OKC VA hospital receives positive review
Six months after a series of federal reviews found deep flaws dating back years at the Oklahoma City VA Medical Center, the hospital has received some rare good news from inspectors.
In a 67-page report Thursday, the VA’s Office of Inspector General says it found few problems with the hospital during a weeklong review of its medical and administrative processes this June.
“The OIG noted that facility leaders were actively engaged with employees and patients and were working to improve overall satisfaction,” the report states. “Organizational leaders support efforts related to patient safety, quality care, and other positive outcomes.”
The hospital was given a three-star rating last year and the report indicates it may keep that rating when 2018 figures are announced. VA hospitals are given ratings from one to five stars.
“We’ve corrected a lot of our issues,” said Wade Vlosich, the hospital’s director. “Our goal now is just to continue to improve the way we provide care and we’ve got a lot of great things coming up.”
During one week in late March, the VA’s inspector general released two reports on the Oklahoma City VA Medical Center. The first found construction projects there were $10.8 million over-budget and years behind schedule. The second found the center could not properly account for millions of dollars in payments to a medical school and part-time doctors. The University of Oklahoma later repaid the VA about $14,000 as a result.
The report released Thursday was much more positive. It did find a problem with some delayed cancer diagnoses but said that problem has been resolved.
“Facility managers reported that the most significant trend identified eight patients who had delayed cancer diagnoses,” the report states. “Facility leaders took corrective actions, including the removal of the responsible provider, and conducted institutional disclosures.”
Vlosich, who took over the hospital in mid-2016 following high-profile deaths and rapid staff turnover, was quick to make changes and has generally been lauded by politicians and inspectors for doing so. The hospital recently opened a parking garage, alleviating its wellknown parking problem.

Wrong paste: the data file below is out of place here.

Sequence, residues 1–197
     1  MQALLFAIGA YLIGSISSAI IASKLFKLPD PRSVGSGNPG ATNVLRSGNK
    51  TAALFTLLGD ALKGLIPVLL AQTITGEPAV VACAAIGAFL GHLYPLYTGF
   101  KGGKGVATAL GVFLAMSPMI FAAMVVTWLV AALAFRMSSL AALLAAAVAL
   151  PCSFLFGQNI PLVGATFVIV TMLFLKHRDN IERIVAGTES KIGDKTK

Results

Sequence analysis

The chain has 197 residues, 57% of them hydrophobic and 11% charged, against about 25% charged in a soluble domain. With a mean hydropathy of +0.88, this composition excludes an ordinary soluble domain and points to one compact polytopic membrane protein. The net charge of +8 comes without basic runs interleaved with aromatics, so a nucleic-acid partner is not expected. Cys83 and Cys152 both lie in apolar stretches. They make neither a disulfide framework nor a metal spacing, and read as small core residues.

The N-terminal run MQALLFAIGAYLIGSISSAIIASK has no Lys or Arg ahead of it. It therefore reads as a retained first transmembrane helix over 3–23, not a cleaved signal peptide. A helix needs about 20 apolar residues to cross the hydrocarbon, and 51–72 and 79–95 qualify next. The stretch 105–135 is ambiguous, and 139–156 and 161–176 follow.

“Now that the parking garage is open, I have not gotten any complaints,” said Vlosich, who previously received as many as eight complaints a day about parking.
Admissions at the hospital remain high. Over the past two years, when admissions at VA hospitals were declining nationwide, the Oklahoma City VA saw a 9.3 percent increase in the number of patients admitted. Some elderly veterans are simply left on the hospital’s front steps by family members with nowhere else to turn, Vlosich said.
An emergency room is being expanded and urgent care clinic added. Construction on an eye clinic continues and a geriatric psychiatric unit will likely be opened this winter. A specialty care clinic will open even sooner, likely in late October or early November, according to Vlosich. In the western Oklahoma city of Clinton, a clinic soon will be built.
In Oklahoma City, a campus for homeless veterans is being constructed, complete with immediate needs like showers and a food pantry, along with primary care providers, social workers and mental health managers. Construction is underway and it could open by the end of the year.
“Overall,” Vlosich said, “I think we’ve done a really good job when you compare where we’ve been and where we’re going.”
The Oklahoma City VA Medical Center received an overall positive report from the VA’s Office of Inspector General.